Have an orange or a glass of freshly pressed orange juice to keep your heart healthy. You can also add orange juice to desserts, salads or chicken to give them a delicious flavor and aroma.
Broccoli is a cruciferous vegetable that is loaded with vitamins A, C, K, and folate, dietary fiber, calcium, magnesium, potassium, phosphorus, omega-3 and omega-6 fatty acids, selenium, and glucosinolates. Researchers found that broccoli-fed rats had improved heart function, reduced myocardial infarction, and increased antioxidant response that helped protect the heart (10).
Have blanched, grilled, baked or stir-fried broccoli with other veggies or mushroom/chicken/fish/lentils. You can also have it in a soup to satiate your hunger and keep your heart healthy. Have one cup of broccoli per day.
Carrots are rich in vitamins A, K, E, and folate and minerals such as calcium, magnesium, potassium, and phosphorus. Interestingly, they are also a good source of antioxidants that prevent DNA damage, reduce inflammation, and lower the cholesterol and triglyceride levels (11).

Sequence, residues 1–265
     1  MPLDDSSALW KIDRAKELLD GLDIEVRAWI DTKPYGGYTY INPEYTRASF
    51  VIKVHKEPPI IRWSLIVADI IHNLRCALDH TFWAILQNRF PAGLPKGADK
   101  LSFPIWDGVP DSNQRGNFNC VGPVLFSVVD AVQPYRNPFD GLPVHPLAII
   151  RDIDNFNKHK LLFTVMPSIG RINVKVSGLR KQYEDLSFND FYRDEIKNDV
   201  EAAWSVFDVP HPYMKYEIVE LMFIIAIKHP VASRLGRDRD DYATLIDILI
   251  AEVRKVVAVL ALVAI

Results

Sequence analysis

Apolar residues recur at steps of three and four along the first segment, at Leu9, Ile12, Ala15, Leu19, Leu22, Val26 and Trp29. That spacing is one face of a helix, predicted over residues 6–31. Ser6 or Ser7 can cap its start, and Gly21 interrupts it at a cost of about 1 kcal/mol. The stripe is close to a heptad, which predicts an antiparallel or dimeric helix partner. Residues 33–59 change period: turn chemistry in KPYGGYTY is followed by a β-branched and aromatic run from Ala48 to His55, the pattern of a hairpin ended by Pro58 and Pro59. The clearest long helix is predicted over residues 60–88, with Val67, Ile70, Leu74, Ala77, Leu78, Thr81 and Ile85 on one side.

You can snack on a raw carrot. Grill/bake/stir-fry it and have it with other veggies with a source of lean protein (fish/chicken/mushroom) or add it to chicken stew or vegetable soup. Make sure not to overeat carrots to avoid health issues. You can have half a cup of carrot per day.
6. Green Tea
Green tea contains active polyphenolic compounds called catechins. They have antioxidant, anti-inflammatory, anticancer, antihypertensive, lipid-lowering, and anti-thrombogenic properties. The catechins help scavenge the harmful oxygen radicals, prevent vascular inflammation, reduce the risk of atherogenesis, and inhibit lipid synthesis and absorption (12).
Have 2-3 cups of green tea per day. You may have it in the morning or 20 minutes before lunch or dinner. Add cinnamon, lemon, honey, tulsi, or other herbs to make your own flavored green tea.